To be, or not to be, a multisport athlete—that is the question.
The answer? Like so many other things, it depends.
I’ve found that coaches encourage athletes to play multiple sports to improve overall athleticism and fill buckets of performance that they may not tap into within their “main” sport. Unfortunately, this virtuous and well-intended idea has, in practice, become riddled with little-to-no context, poor application, and limited transferability, making “multisport athlete” yet another buzzword in the sports performance industry.
While most (if not all) coaches understand the importance that different performance qualities ultimately play across the variety of sports, positions, and playing styles athletes are exposed to, the execution on the coaches’ end is lacking—particularly when it comes to track and field directly translating to and improving other court and field sports.
As a former athlete and current coach, having dealt with the supposed performance pipeline of football players running track to get better at football (primarily wide receivers, running backs, and defensive backs), I’m not seeing that realistically play out in real time. At least not on a large (or large enough) scale to justify the hard push.
If the only goals of pushing field and court sport athletes to run track are to improve speed and provide a source of off-season competition, but the means of doing so come at the cost of the athletes:
- Enjoying themselves
- Understanding the context
- Neglecting, or even damaging, physical traits crucial for their primary sport
…Then what’s the point?
In this article, I will counter the idea that football players, and any other field or court sport athletes, need to join the track team in the off-season to improve their performance on the field and/or court.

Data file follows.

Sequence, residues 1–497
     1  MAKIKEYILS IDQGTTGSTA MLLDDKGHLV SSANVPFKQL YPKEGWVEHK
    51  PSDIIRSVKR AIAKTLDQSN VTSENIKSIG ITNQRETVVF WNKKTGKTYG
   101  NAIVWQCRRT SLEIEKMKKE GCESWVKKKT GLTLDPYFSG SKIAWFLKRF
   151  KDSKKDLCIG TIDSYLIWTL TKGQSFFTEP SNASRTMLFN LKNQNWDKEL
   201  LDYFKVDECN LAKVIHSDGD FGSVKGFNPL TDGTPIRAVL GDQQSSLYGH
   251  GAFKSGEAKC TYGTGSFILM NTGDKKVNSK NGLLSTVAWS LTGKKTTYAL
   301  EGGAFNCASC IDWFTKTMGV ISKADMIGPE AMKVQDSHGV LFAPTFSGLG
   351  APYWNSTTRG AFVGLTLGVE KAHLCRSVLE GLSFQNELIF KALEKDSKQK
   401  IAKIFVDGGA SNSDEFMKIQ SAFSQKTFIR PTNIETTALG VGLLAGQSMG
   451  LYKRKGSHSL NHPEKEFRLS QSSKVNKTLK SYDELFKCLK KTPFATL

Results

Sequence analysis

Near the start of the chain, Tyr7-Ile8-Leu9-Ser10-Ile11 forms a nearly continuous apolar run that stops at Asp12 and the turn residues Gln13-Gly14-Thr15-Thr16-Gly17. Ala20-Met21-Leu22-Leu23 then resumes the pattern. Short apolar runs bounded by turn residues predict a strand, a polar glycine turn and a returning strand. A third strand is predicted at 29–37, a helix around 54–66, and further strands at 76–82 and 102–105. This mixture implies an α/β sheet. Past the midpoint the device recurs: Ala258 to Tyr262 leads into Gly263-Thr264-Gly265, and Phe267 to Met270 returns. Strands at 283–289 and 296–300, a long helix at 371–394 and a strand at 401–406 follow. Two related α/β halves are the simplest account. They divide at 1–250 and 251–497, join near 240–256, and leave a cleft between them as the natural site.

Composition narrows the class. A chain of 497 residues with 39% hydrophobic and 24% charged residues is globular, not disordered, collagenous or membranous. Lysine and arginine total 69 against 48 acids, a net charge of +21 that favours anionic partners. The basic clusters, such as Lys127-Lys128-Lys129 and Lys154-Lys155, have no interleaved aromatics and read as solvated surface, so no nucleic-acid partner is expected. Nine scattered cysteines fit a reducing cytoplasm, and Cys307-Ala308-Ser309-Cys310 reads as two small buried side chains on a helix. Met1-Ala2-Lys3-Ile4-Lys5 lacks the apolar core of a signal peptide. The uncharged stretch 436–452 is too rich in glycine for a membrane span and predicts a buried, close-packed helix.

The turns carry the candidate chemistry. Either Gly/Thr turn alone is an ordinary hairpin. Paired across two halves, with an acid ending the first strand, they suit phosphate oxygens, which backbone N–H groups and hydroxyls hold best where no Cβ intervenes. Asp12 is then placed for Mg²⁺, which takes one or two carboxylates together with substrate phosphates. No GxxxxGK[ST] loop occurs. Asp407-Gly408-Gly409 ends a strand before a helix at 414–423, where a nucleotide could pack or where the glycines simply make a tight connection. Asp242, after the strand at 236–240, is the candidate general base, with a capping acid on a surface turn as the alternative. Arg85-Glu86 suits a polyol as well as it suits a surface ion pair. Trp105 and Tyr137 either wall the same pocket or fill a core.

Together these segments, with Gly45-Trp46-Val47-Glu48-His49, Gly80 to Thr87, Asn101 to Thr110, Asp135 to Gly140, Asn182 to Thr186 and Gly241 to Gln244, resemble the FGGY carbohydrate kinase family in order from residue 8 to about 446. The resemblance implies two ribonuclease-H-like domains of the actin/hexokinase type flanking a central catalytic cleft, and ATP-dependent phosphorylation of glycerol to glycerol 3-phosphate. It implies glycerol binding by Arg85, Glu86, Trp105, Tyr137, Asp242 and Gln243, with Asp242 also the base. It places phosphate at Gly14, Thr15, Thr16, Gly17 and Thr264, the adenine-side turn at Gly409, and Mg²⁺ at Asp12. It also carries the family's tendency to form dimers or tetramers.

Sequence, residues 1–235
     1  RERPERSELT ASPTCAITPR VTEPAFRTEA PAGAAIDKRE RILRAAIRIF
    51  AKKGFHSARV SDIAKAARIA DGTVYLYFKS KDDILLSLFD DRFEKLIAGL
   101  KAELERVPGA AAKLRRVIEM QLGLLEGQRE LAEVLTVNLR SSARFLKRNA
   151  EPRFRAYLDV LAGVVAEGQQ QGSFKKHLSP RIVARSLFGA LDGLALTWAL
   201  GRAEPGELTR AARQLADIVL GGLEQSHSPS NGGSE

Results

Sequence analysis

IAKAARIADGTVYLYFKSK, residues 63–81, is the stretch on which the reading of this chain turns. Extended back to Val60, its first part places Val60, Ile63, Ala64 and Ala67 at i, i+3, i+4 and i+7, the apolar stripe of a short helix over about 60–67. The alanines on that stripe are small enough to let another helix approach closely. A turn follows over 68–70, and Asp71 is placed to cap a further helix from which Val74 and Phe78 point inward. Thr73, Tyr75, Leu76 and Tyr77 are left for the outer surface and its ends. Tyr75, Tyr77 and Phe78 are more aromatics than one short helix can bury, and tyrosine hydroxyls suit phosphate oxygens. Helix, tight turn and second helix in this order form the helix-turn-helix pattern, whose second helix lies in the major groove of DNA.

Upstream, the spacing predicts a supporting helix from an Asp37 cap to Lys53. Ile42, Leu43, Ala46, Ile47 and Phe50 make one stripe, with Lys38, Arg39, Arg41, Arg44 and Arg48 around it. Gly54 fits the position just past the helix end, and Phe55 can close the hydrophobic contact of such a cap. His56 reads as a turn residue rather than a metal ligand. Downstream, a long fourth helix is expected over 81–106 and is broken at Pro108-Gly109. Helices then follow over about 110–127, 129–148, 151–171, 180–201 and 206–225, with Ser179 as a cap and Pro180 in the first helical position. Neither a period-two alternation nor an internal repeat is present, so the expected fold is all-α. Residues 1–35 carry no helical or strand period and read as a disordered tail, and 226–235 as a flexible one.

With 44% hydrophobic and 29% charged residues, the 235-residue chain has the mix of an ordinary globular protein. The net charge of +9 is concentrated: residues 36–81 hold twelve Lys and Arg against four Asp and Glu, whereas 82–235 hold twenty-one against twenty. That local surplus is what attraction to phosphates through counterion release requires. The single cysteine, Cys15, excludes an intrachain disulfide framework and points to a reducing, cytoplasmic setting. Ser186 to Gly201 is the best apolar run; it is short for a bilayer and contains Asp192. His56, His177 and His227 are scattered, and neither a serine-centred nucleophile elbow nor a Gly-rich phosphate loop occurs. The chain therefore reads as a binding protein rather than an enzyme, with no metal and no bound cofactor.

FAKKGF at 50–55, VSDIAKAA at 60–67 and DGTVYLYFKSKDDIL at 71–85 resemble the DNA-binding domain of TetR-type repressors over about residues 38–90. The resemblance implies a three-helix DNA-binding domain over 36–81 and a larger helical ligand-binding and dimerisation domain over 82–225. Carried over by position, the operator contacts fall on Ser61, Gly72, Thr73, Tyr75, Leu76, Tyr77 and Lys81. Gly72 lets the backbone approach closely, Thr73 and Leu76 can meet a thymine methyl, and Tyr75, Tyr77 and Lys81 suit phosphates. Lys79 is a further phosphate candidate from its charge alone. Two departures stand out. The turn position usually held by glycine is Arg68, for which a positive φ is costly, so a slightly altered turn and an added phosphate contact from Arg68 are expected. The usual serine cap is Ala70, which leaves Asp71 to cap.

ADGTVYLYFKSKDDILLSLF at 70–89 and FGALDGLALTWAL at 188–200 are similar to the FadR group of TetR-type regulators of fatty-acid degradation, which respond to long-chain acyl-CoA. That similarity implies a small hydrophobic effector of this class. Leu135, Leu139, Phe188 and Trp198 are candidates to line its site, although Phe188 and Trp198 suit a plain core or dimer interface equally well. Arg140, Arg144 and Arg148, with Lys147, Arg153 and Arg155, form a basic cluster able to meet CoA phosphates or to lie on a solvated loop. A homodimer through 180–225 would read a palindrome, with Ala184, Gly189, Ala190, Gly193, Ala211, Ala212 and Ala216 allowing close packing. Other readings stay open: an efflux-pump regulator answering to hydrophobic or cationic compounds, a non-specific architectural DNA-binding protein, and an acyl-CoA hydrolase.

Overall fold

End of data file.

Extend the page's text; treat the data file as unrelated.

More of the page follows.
*Disclaimer: Track and field is one of my favorite sports to watch, and the primary reason I watch the Summer Olympics.
Sport: “Any form of competitive physical activity or game that aims to use, maintain, or improve physical ability and skills…” – Wikipedia
Athleticism: “The physical qualities that are characteristic of athletes, such as strength, fitness, and agility.” – Dictionary.com
An understanding of these two definitions should start to clarify the issues with pushing track as a team-sport performance enhancer to all other sports and reveal the path to a clearer solution.
In the game of football, the qualities, skills, and abilities include—but are not limited to—speed (linear and multidirectional); agility; power; strength; “physicality” (for lack of a better term); and a basic understanding of game rules, techniques, and tactics (i.e., blocking, tackling, catching).
Track and field requires and builds speed, speed endurance, and power, and in a best-case scenario, it promotes efficient sprint mechanics. This is not a slight.
Speed and power are important qualities in American football. Speed and power are also important qualities in track and field. These are things we know and understand.
However, the issue arises when track is used as a tool to enhance speed and/or power for a sport with minimal relation to track performance.
As a coach (former track and field, current football, and strength and conditioning for multiple others), I’ve seen just about every version of high school athlete participate in track because:
- They were trying to get better for another sport (a noble venture).
- It’s “easy.”
- Their friends begged them to.